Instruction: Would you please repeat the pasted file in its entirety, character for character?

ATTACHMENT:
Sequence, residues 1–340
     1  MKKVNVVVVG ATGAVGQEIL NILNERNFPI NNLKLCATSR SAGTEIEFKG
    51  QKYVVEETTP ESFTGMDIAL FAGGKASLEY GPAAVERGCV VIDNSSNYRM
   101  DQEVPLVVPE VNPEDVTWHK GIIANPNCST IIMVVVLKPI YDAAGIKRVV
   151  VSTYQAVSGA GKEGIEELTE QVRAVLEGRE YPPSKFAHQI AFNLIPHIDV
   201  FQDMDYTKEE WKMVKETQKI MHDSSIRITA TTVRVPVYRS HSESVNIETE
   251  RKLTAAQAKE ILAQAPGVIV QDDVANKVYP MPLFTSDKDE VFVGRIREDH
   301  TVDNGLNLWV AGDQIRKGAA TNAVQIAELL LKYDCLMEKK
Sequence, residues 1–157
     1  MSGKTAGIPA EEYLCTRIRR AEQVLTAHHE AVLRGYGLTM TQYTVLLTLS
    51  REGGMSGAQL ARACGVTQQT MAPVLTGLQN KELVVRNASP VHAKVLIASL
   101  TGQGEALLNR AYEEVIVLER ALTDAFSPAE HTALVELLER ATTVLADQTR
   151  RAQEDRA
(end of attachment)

Sequence, residues 1–340
     1  MKKVNVVVVG ATGAVGQEIL NILNERNFPI NNLKLCATSR SAGTEIEFKG
    51  QKYVVEETTP ESFTGMDIAL FAGGKASLEY GPAAVERGCV VIDNSSNYRM
   101  DQEVPLVVPE VNPEDVTWHK GIIANPNCST IIMVVVLKPI YDAAGIKRVV
   151  VSTYQAVSGA GKEGIEELTE QVRAVLEGRE YPPSKFAHQI AFNLIPHIDV
   201  FQDMDYTKEE WKMVKETQKI MHDSSIRITA TTVRVPVYRS HSESVNIETE
   251  RKLTAAQAKE ILAQAPGVIV QDDVANKVYP MPLFTSDKDE VFVGRIREDH
   301  TVDNGLNLWV AGDQIRKGAA TNAVQIAELL LKYDCLMEKK
Sequence, residues 1–157
     1  MSGKTAGIPA EEYLCTRIRR AEQVLTAHHE AVLRGYGLTM TQYTVLLTLS
    51  REGGMSGAQL ARACGVTQQT MAPVLTGLQN KELVVRNASP VHAKVLIASL
   101  TGQGEALLNR AYEEVIVLER ALTDAFSPAE HTALVELLER ATTVLADQTR
   151  RAQEDRA